164 Money Tips: Least Evil Banks, Frugal Household Must-Haves, and Whether $1 Foods Are Good or Gross

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Also: What can the Miami Heat’s three-headed monster experiment teach you about getting your finances under control?
3 tips for making money at consignment stores. Earning some cash for your stuff comes down to selecting goods that shoppers will actually pay good money for (a.k.a., don’t bother with junk that’d sell for 25¢ at a yard sale), and selecting the right store. Speaking of which:

Pick a store that sells items similar to yours. You might be tempted to offer your professional, tailored suits to a vintage store because yours will be the only items of their kind. However, people who want to buy tailored suits don’t often visit a vintage store, so your suits are less likely to be purchased. In addition, the store may not even take them.

5 things not to buy in a supermarket. Food? Yes. But for so many other goods, you’re better off heading to the drugstore, dollar store, or some other shop where you won’t pay a premium just for convenience. For example:

Party supplies
Buy your balloons, funny hats, place cards, candles, and name tags in bulk at a party supply store and you’ll pay a whole lot less.

5 personal finance lessons from the Miami Heat. Here’s one of the Financial Lessons from Unusual Sources file, with revelations from the “talents in South Beach” experiment such as:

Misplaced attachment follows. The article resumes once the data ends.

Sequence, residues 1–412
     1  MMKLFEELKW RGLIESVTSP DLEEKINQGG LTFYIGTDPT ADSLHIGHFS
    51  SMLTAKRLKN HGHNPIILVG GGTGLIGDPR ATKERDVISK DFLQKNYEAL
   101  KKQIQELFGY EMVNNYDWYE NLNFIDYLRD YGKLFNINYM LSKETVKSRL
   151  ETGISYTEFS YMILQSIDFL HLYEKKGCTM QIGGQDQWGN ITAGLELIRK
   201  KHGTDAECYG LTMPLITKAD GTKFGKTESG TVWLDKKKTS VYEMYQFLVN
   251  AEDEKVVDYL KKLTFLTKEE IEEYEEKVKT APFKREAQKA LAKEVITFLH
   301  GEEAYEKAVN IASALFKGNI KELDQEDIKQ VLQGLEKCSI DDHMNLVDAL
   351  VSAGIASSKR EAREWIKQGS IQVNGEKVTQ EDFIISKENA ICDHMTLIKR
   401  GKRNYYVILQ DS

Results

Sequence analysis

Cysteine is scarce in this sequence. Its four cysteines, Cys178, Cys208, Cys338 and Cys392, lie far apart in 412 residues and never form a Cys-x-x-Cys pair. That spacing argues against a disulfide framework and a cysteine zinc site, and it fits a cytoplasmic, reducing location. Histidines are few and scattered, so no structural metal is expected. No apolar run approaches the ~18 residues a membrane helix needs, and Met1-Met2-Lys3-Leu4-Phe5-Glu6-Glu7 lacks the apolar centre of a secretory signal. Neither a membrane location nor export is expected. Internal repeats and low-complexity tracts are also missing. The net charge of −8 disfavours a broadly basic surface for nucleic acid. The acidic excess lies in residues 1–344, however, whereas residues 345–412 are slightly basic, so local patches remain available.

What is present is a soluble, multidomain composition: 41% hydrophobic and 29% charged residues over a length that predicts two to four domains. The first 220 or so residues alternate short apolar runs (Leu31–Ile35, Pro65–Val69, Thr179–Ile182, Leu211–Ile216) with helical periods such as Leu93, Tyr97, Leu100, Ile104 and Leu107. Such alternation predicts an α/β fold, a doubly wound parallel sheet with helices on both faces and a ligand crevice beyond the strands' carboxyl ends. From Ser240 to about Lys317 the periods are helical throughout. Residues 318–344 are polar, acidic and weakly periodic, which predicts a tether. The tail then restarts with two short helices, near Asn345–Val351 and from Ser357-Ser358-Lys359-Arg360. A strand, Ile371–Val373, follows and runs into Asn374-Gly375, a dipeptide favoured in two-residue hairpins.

No matter how good your individual talent is, you have to work as a team in order to win. If you are married, or share expenses with someone, you’ve got to work together or even the best game plans won’t work. Having secret spending habits, or keeping credit card purchases from your partner, will spell disaster sooner or later … and not just for your finances.

5 ways to dodge the latest bank fees. There’s no shortage of news about new bank fees. The wise approach is to assume you will be nickel and dimed with fees for nearly every transaction, including those at the ATM:

Don’t get robbed at the ATM. It might be better to print your statement at home. Bank of America is charging $3 to print an account summary at an ATM, up from $2. Chase next month will begin charging $1 to print recent transactions.

6 taste tests of food from dollar stores. How do $1 knockoff Wheat Thins, $1 knockoff Cheez-Its, $1 cereal bars, and other foods sold in dollar stores measure up in terms of taste? According to these taste testers, dollar store foods are usually bad—”stale,” “radioactive looking,” “half wax,” “slightly disturbing”—and occasionally pretty decent. Baked Wheat (the knockoff Wheat Thins) was the only product earning an actual endorsement:

We all voluntarily ate more of these crackers. They were darn tasty and I will probably finish the box. However, when we compared the nutrition labels, the knockoff had 3 grams of saturated fat to the brand name’s 1 gram, and the brand name had more fiber. So if I subsisted on Wheat Thins I might buy the brand name ones, but given how much more expensive they are, I’ll probably stick with the knockoffs, especially for a party.

6 easy tips for living with 100 items or less. The anti-hoarding movement has its advantages—and not only for one’s finances. So how do you simplify in the smartest ways possible? For instance:

Obey the 12-month Rule
Ditch everything you haven’t used in the last 12 months. Skinny jeans, Christmas decorations, old wrapping paper, the fondue pot, that old sewing machine you think you can fix “when you have the time”. It you haven’t touched something in a year, chances are you aren’t going to need it any time in the next 12 months, either.